The only people teaching and following the ceremonial and civil parts of the Mosaic Law after the cross were Jews who rejected Christ and adhered to Judaism.

    There were many initial converts to Christianity who still observed the Mosaic Law after the cross because they had not yet understood that they didn't have to keep following the Mosaic Law.

    The verses you give as your proof that the Mosaic Law was still being taught and followed do not show what you claim.

    Peter, Paul, and others did things that look like they were observing the Mosaic Law, but they were only doing this to not upset the Jews they were tying to convert to Christ.

    Example: I once worked on an Islamic Mosque. We had to take our shoes off when we went inside. Using your logic, if I were to go into a Mosque to witness about Christ, but took my shoes off before I went in, then I was following and teaching the Koran and Islam.

    Furthermore, it is a historical assumption that "most of Christendumb" believed that Christ fulfilled the law on the cross to the intent of abrogating its practice, and that "most of Christendumb" believed that the church started on Pentecost.
    This is in fact what the vast majority of Christendom believes, and has believed.

    Paul, and his apostles, and the audiences to whom he wrote certainly didn't agree with any of that.
    Here is what Paul said:

    (Rom 16:7) Salute Andronicus and Junia, my kinsmen, and my fellow-prisoners, who are of note among the apostles, who also were in Christ before me.

    As we see above, Paul said that there were people "In Christ" before he was. This could only mean that the believers (who you call kingdom believers) were in the one Body before Paul was.


    They all understood that Pentecost was the fulfillment of Israel's Scriptures concerning the angelic empowerment they (elect Israel) would receive from the Holy Spirit.
    Where in the OT is there a prophecy about "angelic empowerment"?

    They all understood that Mosaic Law was never abrogated, and that Jesus, after His resurrection, commanded His disciples (elect Israel) to obey everything whatsoever He commanded them (Mt. 28:19,20).
    The law was given for sinners.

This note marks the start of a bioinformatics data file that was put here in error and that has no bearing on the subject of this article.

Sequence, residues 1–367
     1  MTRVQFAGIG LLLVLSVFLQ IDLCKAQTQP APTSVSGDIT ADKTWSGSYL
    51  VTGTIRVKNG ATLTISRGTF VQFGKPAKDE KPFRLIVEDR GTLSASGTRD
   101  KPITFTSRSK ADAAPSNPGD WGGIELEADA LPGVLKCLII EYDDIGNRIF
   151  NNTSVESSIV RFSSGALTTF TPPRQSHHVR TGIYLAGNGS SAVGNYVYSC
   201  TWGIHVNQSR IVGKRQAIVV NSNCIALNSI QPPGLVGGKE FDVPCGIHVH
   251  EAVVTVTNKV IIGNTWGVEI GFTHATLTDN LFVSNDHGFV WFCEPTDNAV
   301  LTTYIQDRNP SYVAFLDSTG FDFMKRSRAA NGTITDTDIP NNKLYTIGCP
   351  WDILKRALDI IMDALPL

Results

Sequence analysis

It was given as a schoolmaster (Gal 3:24)

    It is a law of sin and death

    Here is what Jesus said about the law:

    (Matt 22:40) All the Law and the Prophets hang on these two commandments.”

    What did Jesus command them? To follow Moses (Mt 8:4 Luke 5:14). To do everything the scribes and Pharisees (who wield Moses' authority) commanded them to do (Mt 23:2,3).
    All of your above passages are from before the cross.

    Let's assume this is correct, for argument's sake. Why would this negate the Mid-Acts view?
    It negates MAD on two fronts.

    First, it negates MAD's "two gospel - two people" theory that MAD claims happened in the first century.

    Secondly, it throws a big monkey wrench into the eschatology of MAD.

    Let's look at the latter:

    Correct me if I'm wrong, but MAD claims there is going to be a "rapture" that takes all the "Body" believers away, followed by a 7 year tribulation period that has 3.5 years of peace and 3.5 years of great tribulation which concludes with Jesus coming a third time with the "Body" believers and defeating some guy called the anti-christ who has 666 on his forehead or something.

    Then satan is bound and chained and thrown into prison, Christ and God get in the DeLorean set the date for 33AD, go to Jerusalem, rebuild a third temple (unless it was built during the trib), bring all the OT saints and "kingdom" believers up from out of the center of the earth, set up a throne for Christ, and the millennial reign lasts exactly 1,000 years.

    Here's the problem for you:

    (Acts 9:11) “In that day
    I will restore David’s fallen shelter
    I will repair its broken walls
    and restore its ruins—
    and will rebuild it as it used to be,


    James quotes the above in Acts 15.

    Again, correct me if I'm wrong, but MAD teaches that the restoration/rebuilding of David's tent is a yet future event?

    As I said in my previous post, David's tent existed for only 44 years.

    Here's the question for you:

    When is David's tent restored according to your's and MAD's eschatology?

    Most MADists claim that the temple described in Ezekiel 40-48 is the future 3rd temple that will be built in either your future 7 year trib, or your future 1,000 year millennium.

    There are drastic differences between the temple described in Ezekiel 40-48 and the tent of David that stood during the days of David.

    For example, the only piece of furniture or object that was in David's tent was the Ark of the Covenant (minus the manna and Aaron's rod). Ezekiel's temple has all kinds of stuff in it; tables, utensils, hooks, carved cherubims, palm trees, garments, a great alter, lottery box, blood gutters, kitchens, sleeping rooms, gates, doors, windows, etc.